Of all the films screening at the Galway Film Fleadh on the West Coast of Ireland, one stands out as having the sort of wild premise that should instantly pique the interest of anyone with a penchant for comedy of the more ridiculous variety.

Apocalypse Clown — getting its world premiere on Friday before screening at Canada’s Fantastia Festival later this month and ahead of its U.K. and Ireland release on Sept. 1 — may boast the most “WTF?” film plotline of the year, as it’s set in the aftermath of a mysterious blackout that plunges Ireland into anarchy and follows a group of washed-up clowns, brought together following a mass brawl at a funeral, who traverse the country in chaotic and sometimes bloody fashion for one last shot at their (far-fetched) dreams. A quiet arthouse drama, this is not. 

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From director George Kane — who has spent the last 10 years helming episodes of British TV comedies including Crashing (written by a pre-Fleabag Phoebe Waller-Bridge), Back, Brassic, Wedding Season and most recently, Apple TV+’s upcoming Dick Turpin series starring Noel Fielding — Apocalypse Clown’s mismatched troupe of big-shoed performers span the breadth of on-screen clown depictions. There’s Funzo, the slightly psychotic horror clown (something considered taboo in the film’s clowning world); Bobo, the washed-up, booze-soaked children’s entertainer clown; The Great Alphonso, a pompous and sleazy big top circus clown (and former TV celebrity); and the pretentious, classically trained, stripey-topped mime clown, Pepe. Clowning may be their lives, but they’re all largely terrible at it (there’s a particularly hilarious scene in which they reveal their real, rather ordinary, names). 

Written by Kane, Demian Fox, Shane O’Brien and James Walmsley and shot in Dublin and Kildare, the original story for what eventually became Apocalypse Clown was going to see the ragtag bunch of characters head to Africa as part Clowns Without Borders, the very real charity helping bring some joy into the lives of refugee children around the world. Sadly, the pandemic put a hold to that idea and the story had to be scaled back a little. And, as Kane admits, speaking to The Hollywood Reporter ahead of the premiere, that idea was “like a drunken Cannes pitch” (although he’s not averse to using bits for a sequel). 

Is there anything at all you’d liken Apocalypse Clown to?

I don’t know what the Venn diagram would be. I tried before and was thinking it’s a bit Tropic Thunder in some ways, and there’s a bit of The Three Amigos and Zombieland in some ways. And there’s a bit of Withnail and I in there when it’s the bleak, actor monologues. Essentially, I was trying to make a $2 million Roland Emmerich film with clowns in Ireland. People have been waiting for it!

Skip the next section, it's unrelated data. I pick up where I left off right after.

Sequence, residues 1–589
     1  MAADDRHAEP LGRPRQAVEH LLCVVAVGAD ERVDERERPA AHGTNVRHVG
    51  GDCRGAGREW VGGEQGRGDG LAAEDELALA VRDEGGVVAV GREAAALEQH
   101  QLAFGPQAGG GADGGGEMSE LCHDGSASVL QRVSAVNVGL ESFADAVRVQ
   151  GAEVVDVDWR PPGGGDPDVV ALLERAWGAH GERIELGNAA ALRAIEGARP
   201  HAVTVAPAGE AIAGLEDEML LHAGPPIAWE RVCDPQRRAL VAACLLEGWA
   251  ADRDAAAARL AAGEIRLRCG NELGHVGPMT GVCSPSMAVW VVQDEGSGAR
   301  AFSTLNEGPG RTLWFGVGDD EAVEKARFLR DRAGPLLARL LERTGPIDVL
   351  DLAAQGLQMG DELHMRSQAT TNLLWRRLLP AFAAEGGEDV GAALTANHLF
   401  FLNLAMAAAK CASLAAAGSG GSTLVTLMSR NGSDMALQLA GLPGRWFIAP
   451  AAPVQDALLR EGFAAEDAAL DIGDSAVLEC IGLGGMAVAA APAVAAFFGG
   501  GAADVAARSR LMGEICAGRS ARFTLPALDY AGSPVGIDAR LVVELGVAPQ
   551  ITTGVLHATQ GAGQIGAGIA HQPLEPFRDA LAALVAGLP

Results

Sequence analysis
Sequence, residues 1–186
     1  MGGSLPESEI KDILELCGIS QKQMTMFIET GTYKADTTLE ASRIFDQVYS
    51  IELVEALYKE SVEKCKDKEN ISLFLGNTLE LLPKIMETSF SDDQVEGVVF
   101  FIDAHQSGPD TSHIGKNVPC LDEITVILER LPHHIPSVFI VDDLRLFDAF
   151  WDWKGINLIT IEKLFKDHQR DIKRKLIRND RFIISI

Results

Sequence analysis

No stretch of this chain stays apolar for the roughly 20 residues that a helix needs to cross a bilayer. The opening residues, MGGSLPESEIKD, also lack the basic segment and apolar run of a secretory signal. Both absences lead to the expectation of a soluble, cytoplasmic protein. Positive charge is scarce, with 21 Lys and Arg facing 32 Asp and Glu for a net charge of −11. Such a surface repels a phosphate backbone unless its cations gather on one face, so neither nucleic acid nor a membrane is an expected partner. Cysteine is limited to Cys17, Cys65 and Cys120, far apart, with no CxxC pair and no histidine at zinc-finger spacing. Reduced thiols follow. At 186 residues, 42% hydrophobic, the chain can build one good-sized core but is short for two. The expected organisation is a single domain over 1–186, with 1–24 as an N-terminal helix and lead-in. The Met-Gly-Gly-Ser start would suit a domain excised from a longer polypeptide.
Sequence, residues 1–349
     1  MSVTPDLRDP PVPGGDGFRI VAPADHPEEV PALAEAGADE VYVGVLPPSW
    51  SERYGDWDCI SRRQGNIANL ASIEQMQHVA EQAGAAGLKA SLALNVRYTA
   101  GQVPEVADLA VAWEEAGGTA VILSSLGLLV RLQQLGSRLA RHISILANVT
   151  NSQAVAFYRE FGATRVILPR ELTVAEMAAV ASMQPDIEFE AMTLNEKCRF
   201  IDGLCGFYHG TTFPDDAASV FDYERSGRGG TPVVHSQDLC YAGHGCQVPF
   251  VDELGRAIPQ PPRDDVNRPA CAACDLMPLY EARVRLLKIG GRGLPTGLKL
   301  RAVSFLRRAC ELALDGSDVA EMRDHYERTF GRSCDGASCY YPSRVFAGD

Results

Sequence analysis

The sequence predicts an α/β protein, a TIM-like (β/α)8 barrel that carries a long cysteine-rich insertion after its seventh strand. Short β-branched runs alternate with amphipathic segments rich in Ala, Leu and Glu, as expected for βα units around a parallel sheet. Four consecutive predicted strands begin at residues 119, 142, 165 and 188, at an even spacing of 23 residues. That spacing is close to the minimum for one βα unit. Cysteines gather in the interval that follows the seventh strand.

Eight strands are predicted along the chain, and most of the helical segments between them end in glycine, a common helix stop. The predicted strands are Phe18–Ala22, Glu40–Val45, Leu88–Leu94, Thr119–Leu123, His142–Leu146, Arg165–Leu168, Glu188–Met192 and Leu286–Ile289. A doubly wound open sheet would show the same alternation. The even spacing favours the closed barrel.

You won the top prize for best international feature in Galway in 2012 for the music mockumentary Discoverdale. Must feel perfect to come back a decade later with this, your first scripted feature?

Yeah, it’s perfect. And the project actually began in Galway back then, because that was where James Walmsley kind of said, “We should do something about Clowns Without Borders.” It was like a drunken Cannes pitch. So it’s perfect that 10 years later, it coming back to where it was conceived.

Are you going to get any clowns at the premiere?

I did suggest hiring some clowns just to be around in Galway, hanging out in strange places. 

I feel like clowns only ever appear in films in a, usually low-budget, horror setting these days. It’s nice to see them in a comedy. 

That’s obviously dealt with in the film; the whole scary clown thing, which is like a taboo. But to me, in some ways it’s incidental that these people are clowns. They could be actors, performers — people who just cannot let go of a profession that is kind of melded into their identity, even if they’re not necessarily born for it. It’s a bit like at the end of Waiting for Guffman, when those brilliant people suddenly have their dreams reignited by absolute failure and you’re like, “Don’t give up your job as a dentist, you shouldn’t be doing that.” There’s that sort of anti-upbeat ending where they decided they’re gonna stick with it. I mean, the opening lines of the film are, “They say you should never give up on your dreams, but what if you should?” So I think that kind of sets the tone pretty early on.

There are some very English jokes that international audiences may not understand, including one about Rolf Harris. 

We just had the freedom to make it — if you’re having to deal with a studio, those kind of jokes don’t get through. So I like that it’s very niche at times. But I also think it’s accessible. It’s very dark, with plenty of psychological jokes in it, but it’s colorful and fast and I think endearing. I think you kind of grow to like these guys. But they’re all terrible people. 

I do love the idea of a ridiculous comedy based on Clowns Without Borders… 

It was so funny. But naive in a lot of ways. So we kind of started to doubt ourselves and thinking, should we be doing that. But there’s some great stuff in that that I think could form part of the sequel. 

For the last 10 years you’ve been directing some great British TV comedies, but with Apocalypse Clown now coming out are you hoping to do more film?

I don’t think you can do that exclusively, but I think the next logical step would be to make a bigger budget studio comedy. But I don’t think any are going to be as interesting as this.

Interview edited for length and clarity.

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